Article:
in RDF

RDF for beginners: Part 1: The URI

This will be the first in a series of posts on RDF for beginners. I hope it will be of use for people who are new to RDF but have some background in software development. One of the reasons I am putting this online is to get feedback on how RDF and the semantic web can be explained without sounding like an overenthusiastic preacher. Another reason is that most of the information I find about RDF is written by bearded researcher men. Sometimes they explain RDF in a way I find hard to understand since I’m not an expert on RDF myself. Also, my beard is much smaller.

Before looking at actual RDF, let’s start with a fundamental concept: the Uniform Resource Identifier (URI). URI:s are used heavily in RDF and it is important to understand the basics. Wikipedia has a nice article on URI:s that states:

A Uniform Resource Identifier (URI), is a compact string of characters used to identify or name a resource. The main purpose of this identification is to enable interaction with representations of the resource over a network, typically the World Wide Web, using specific protocols. URIs are defined in schemes defining a specific syntax and associated protocols.

A resource can be many things, e.g. a record of information such as a purchase order, a person, the online representation of that person (in the form of a wikipedia article). You decide!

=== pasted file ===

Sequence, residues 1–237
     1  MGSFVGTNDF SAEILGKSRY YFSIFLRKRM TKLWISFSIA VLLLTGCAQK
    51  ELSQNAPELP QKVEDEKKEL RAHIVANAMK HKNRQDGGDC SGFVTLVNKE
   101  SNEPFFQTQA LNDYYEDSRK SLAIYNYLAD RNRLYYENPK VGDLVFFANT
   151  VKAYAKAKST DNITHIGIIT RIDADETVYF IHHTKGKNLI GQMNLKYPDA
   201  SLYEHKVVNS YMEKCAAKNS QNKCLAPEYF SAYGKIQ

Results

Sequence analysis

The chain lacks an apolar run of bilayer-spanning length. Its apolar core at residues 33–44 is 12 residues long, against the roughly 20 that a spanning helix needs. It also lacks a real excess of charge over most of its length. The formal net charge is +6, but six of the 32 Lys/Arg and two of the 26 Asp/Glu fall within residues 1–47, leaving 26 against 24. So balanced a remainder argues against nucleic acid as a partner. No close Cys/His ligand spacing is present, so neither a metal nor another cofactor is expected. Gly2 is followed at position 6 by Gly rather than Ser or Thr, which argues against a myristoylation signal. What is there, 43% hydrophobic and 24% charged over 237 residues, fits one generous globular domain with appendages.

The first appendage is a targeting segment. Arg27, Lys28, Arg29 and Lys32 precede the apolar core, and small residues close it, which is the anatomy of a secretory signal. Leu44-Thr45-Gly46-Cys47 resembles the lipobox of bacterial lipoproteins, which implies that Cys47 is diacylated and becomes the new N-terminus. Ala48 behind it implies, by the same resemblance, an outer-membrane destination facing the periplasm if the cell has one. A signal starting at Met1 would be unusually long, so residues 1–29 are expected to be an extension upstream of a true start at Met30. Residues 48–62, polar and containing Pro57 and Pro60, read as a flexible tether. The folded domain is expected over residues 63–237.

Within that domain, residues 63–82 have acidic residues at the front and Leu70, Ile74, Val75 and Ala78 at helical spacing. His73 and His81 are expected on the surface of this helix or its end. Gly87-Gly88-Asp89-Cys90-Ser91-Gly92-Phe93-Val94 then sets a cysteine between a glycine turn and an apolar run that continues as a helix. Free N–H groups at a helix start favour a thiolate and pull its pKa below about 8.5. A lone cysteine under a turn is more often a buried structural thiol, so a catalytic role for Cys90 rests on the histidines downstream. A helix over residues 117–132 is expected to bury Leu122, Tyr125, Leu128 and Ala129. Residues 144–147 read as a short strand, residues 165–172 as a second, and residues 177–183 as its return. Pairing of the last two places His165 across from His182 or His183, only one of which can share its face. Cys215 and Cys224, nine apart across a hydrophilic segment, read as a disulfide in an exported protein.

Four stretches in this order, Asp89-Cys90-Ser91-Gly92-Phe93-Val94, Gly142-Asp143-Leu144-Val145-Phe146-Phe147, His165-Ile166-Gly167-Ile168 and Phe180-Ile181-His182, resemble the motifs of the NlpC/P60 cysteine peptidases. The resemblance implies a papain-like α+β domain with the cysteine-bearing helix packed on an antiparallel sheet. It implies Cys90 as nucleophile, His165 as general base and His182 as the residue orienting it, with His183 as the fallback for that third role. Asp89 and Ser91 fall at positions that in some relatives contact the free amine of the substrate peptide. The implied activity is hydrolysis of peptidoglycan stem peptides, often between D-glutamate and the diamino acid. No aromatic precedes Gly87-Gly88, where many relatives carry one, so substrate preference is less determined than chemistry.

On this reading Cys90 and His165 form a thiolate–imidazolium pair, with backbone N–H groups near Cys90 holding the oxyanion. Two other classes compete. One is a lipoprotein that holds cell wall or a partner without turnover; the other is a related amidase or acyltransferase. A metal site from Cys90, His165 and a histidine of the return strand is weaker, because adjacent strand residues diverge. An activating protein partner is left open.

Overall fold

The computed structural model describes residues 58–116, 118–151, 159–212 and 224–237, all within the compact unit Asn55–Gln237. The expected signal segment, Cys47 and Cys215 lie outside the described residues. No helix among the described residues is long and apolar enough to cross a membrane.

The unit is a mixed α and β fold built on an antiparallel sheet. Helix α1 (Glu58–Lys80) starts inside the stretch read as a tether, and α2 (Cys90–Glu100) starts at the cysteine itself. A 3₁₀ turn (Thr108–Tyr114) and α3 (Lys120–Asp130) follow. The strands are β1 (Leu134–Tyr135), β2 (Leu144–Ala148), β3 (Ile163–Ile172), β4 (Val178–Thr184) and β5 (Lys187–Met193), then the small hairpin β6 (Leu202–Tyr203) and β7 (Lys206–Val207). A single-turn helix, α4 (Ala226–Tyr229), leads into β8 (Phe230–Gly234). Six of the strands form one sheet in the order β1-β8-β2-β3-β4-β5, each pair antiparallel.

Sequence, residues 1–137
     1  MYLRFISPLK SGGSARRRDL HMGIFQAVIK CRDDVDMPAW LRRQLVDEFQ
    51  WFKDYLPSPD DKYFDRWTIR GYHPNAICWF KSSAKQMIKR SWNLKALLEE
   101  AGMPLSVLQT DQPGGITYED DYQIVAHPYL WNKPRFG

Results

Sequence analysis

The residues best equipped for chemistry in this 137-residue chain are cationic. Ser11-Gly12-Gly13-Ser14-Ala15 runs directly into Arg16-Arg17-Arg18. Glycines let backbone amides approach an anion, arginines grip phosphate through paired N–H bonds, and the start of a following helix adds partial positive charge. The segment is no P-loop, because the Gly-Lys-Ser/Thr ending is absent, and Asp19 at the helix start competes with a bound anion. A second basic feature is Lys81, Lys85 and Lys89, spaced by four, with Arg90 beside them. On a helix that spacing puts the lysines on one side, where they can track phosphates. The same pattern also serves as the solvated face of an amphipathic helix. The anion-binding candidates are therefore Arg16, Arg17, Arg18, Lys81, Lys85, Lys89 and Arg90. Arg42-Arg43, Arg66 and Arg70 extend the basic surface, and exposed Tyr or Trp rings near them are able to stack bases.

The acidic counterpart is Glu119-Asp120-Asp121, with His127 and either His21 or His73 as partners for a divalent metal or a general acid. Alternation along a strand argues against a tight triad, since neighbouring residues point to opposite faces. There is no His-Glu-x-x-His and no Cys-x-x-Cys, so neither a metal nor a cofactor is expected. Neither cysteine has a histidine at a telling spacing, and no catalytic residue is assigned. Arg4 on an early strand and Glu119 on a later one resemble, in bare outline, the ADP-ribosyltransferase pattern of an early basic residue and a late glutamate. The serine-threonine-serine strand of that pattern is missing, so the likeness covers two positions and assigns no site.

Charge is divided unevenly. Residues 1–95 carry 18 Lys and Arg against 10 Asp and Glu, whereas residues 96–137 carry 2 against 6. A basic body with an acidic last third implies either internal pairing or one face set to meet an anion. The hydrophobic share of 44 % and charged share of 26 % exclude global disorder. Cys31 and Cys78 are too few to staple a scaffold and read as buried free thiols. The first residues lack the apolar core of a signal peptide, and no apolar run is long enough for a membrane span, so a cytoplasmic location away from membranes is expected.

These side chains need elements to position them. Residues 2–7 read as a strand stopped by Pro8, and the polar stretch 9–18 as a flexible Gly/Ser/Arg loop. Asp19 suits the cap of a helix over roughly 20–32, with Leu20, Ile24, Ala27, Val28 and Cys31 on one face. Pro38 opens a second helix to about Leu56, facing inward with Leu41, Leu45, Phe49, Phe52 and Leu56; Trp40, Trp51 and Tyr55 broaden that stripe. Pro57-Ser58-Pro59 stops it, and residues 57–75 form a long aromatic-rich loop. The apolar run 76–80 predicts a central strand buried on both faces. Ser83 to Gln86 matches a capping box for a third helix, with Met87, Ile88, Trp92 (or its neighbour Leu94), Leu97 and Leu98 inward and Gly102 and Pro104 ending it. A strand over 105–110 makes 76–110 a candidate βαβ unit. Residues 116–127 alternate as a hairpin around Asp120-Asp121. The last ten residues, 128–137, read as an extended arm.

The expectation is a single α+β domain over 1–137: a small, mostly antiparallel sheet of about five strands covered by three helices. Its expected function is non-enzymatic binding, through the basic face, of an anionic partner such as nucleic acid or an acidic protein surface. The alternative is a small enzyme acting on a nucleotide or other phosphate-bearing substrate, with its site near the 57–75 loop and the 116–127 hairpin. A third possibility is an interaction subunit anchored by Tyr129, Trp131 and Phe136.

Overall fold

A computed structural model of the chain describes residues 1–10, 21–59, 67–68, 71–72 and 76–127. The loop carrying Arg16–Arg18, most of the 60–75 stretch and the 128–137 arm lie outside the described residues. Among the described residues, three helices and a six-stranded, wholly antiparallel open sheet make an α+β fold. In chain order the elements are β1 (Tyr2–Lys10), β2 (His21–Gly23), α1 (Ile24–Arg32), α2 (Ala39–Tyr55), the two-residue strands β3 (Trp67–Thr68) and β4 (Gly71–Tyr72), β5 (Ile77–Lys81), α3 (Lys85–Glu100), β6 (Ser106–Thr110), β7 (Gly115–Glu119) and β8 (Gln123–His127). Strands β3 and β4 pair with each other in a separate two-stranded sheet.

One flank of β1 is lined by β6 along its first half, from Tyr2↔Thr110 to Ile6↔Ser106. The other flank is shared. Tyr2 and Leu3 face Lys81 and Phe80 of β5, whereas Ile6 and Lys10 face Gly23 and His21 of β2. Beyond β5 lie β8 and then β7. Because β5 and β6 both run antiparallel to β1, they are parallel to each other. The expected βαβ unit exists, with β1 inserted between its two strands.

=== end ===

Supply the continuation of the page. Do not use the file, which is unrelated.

One form of URI:s is the Uniform Resource Locator (URL). If you are looking at this article you have a URL in the address bar of your browser. If you know your way around a relational database you can compare URI:s to primary keys or compound primary keys. A cool thing is that a URL also includes information on how to retrieve the resource (e.g. “http”).


If you have developed software for the web it is likely that you have abused URL:s. Instead of identifying a resource (e.g. a record of information) you may have identified a specific script that acts on the record. By doing so you have made it harder for others to make use of the information you put online.

I have done this on numerous occasions. It typically looked like this:


I didn’t know better at the time. What it should have looked like is this:


I guess I never really thought about the R (resource) in the URL. I was more occupied with getting the damn thing online in the first place.

Next time we’ll take a peek at RDF itself.